Bolstering Batteries with Zinc
Enzinc’s Michael Burz is working to improve existing batteries with zinc.
The U.S. Navy, for one, had been looking for efficient alternatives to the lead-acid batteries currently used aboard ships and submarines, said Michael Burz, co-founder and president of Enzinc, a Richmond, Calif.-based manufacturer of zinc-based batteries. The Navy’s first attempt evaluated lithium, but the element does not work well in saltwater. The search was on to find a battery that could deliver the energy of lithium but was as safe and robust as the lead-acid batteries they were using.
Enter zinc. In the search for the best zinc battery, the zinc-air battery is the ultimate goal.
“A high-performance metal-air battery is considered the holy grail of batteries because it’s simple, low-cost, safe, and recyclable,” Burz said.
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Unfortunately in the case of zinc, the zinc-air solutions are not easy because oxidation and reduction within the same structure is difficult to facilitate. A few zinc-air carbon batteries candidates simply place zinc in the middle, with oxidation occurring on one side and reduction on the other. Such a solution may work, but “You end up with a much lower specific energy and energy density because you’re not really taking advantage of the structure,” Burz said. A bifunctional cathode that can do oxidation and reduction in the same structure is the goal.
Zinc as the anode coupled with a number of cathode materials can do the job and are being test-driven as alternatives. Enzinc is on its way to developing a zinc-air battery where the cathode is simply air, but it’s starting first with a nickel cathode. Working with nickel, a well-characterized and familiar cathode, will help accelerate the product to market. Equally important, it will shine the spotlight on the zinc anode, Burz said.
A zinc anode battery might be a strong contender but it suffers from a significant disadvantage that also plagues batteries of other kinds: The batteries don’t last through many operational cycles because they tend to short out.
Conventional zinc batteries are made with zinc powder suspended in an electroconductive paste. When the battery is operational the zinc converts to zinc oxide, which when recharged is theoretically supposed to convert back to zinc. Unfortunately, not all the zinc oxide converts back and instead forms whisker-like dendrites that obstruct flow of current. Over time, the channels through which the current can flow become increasingly narrow. As the pathways get smaller, the impedance rises, and hot spots and dendrites grow rapidly, eventually leading to short circuits.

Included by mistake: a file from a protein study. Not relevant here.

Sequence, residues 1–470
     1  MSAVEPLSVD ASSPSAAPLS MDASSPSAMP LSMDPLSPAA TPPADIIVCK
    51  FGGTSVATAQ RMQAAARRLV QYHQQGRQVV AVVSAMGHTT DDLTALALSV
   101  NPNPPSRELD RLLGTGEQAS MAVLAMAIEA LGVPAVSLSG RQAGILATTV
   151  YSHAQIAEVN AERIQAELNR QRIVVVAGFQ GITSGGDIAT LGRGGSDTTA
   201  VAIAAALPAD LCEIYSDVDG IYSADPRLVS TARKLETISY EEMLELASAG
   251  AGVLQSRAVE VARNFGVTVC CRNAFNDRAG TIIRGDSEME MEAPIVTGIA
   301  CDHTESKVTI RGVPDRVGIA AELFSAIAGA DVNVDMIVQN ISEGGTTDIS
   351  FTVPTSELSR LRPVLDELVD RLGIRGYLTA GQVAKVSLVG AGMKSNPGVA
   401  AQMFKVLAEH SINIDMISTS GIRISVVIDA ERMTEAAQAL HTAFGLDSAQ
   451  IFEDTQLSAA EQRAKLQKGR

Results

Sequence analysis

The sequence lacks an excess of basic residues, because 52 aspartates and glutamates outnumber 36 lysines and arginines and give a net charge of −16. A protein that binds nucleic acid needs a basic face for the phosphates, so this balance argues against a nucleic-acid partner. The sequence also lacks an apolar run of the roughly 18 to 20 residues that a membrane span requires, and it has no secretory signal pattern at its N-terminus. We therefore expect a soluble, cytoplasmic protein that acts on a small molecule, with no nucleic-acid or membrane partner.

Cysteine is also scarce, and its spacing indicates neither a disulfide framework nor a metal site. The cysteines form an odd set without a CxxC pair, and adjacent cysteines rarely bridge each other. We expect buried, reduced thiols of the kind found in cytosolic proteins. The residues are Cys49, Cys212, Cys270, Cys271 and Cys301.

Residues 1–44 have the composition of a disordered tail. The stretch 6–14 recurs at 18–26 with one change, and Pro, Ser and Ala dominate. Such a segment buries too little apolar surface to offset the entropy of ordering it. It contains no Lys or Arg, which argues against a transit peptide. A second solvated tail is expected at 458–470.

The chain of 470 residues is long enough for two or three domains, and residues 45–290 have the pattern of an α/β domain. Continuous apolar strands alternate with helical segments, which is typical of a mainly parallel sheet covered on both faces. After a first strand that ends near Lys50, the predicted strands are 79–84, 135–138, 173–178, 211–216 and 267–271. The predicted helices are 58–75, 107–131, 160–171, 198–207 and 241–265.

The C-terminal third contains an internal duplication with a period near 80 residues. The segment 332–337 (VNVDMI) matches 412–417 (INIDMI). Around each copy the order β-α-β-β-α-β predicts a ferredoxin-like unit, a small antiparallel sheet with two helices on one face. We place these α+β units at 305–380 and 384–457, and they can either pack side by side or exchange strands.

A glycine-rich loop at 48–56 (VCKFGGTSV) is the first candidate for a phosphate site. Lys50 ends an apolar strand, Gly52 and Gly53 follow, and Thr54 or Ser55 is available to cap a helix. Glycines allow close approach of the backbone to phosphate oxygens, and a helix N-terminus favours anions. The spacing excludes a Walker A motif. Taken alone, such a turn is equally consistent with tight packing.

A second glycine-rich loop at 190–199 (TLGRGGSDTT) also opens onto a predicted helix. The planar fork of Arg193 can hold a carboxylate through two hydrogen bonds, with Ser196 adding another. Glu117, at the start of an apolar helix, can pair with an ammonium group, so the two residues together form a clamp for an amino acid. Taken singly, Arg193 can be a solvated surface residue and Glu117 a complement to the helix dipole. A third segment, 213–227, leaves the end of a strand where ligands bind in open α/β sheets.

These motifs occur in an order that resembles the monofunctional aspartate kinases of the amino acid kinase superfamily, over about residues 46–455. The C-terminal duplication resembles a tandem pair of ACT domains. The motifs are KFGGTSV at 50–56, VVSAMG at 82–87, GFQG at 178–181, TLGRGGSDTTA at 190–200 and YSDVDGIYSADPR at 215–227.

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A lot of work in the area has focused on preventing the formation of harmful cycle life-limiting dendrites. Additives are one common route. Enzinc’s solution is to create a zinc metal sponge structure, which Burz said confers a host of advantages.
First, the zinc oxide forms only on the external surface of the sponge, leaving an interior core of pure zinc metal. “There’s always a pathway for the current to flow with no hot spots or dendrite growth,” he said.
The sponge-like zinc battery structure that Enzinc is working on has a high surface area and delivers 130 Watt hours/kilogram, twice the energy density of lithium-iron-phosphate or other equivalent zinc batteries.
Finally, the structural solution means it doesn’t need additives, Burz pointed out. “It’s a platform solution so we can couple this with nickel, manganese or silver, or with carbon for a zinc-air battery,” he said. “Instead of using very expensive or exotic materials in a conventional structure, we’re using a common material in a unique structure. So when we talk about high-performance, this is something that can compete with lithium batteries in the marketplace.”
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The applications for the range of zinc batteries are enticing. “Imagine if you have a zinc-air battery that is actually built into the wing and the fuselage of an electric drone. You can have economically viable long-range electric aircraft,” Burz said. Any applications where the battery can be engineered for curved surfaces and which require high energy density are good applications, he added.
Most of the world is looking for electric vehicles and batteries that won’t cost a lot of money, won’t catch on fire, and can be recycled, Burz noted. For now, the zinc batteries being developed are expected to fit into legacy lead-acid structures.
“You substitute the lead plates, you put in either zinc-nickel or zinc-manganese using the exact same battery housing and equipment within that factory, and you have a high-performance battery,” Burz said. “What that means is that we can triple the capacity using existing manufacturing infrastructure to provide a battery equivalent to lithium-iron phosphate.
Poornima Apte is a technology writer in Walpole, Mass.